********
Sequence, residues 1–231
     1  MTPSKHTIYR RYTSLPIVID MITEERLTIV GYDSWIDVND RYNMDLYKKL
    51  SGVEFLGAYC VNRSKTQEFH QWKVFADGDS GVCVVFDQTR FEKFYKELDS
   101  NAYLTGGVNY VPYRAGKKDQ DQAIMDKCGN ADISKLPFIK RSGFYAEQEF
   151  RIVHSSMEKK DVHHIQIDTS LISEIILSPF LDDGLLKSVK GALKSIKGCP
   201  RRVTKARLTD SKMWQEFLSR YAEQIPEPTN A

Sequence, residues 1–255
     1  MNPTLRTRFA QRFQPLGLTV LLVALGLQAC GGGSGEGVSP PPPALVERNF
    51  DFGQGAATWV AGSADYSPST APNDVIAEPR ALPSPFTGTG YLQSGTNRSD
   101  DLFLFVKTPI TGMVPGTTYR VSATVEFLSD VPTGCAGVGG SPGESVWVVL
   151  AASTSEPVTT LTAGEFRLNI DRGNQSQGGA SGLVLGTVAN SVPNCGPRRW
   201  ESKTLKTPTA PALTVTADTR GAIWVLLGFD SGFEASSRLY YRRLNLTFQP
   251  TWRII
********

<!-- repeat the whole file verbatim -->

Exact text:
Sequence, residues 1–231
     1  MTPSKHTIYR RYTSLPIVID MITEERLTIV GYDSWIDVND RYNMDLYKKL
    51  SGVEFLGAYC VNRSKTQEFH QWKVFADGDS GVCVVFDQTR FEKFYKELDS
   101  NAYLTGGVNY VPYRAGKKDQ DQAIMDKCGN ADISKLPFIK RSGFYAEQEF
   151  RIVHSSMEKK DVHHIQIDTS LISEIILSPF LDDGLLKSVK GALKSIKGCP
   201  RRVTKARLTD SKMWQEFLSR YAEQIPEPTN A

Sequence, residues 1–255
     1  MNPTLRTRFA QRFQPLGLTV LLVALGLQAC GGGSGEGVSP PPPALVERNF
    51  DFGQGAATWV AGSADYSPST APNDVIAEPR ALPSPFTGTG YLQSGTNRSD
   101  DLFLFVKTPI TGMVPGTTYR VSATVEFLSD VPTGCAGVGG SPGESVWVVL
   151  AASTSEPVTT LTAGEFRLNI DRGNQSQGGA SGLVLGTVAN SVPNCGPRRW
   201  ESKTLKTPTA PALTVTADTR GAIWVLLGFD SGFEASSRLY YRRLNLTFQP
   251  TWRII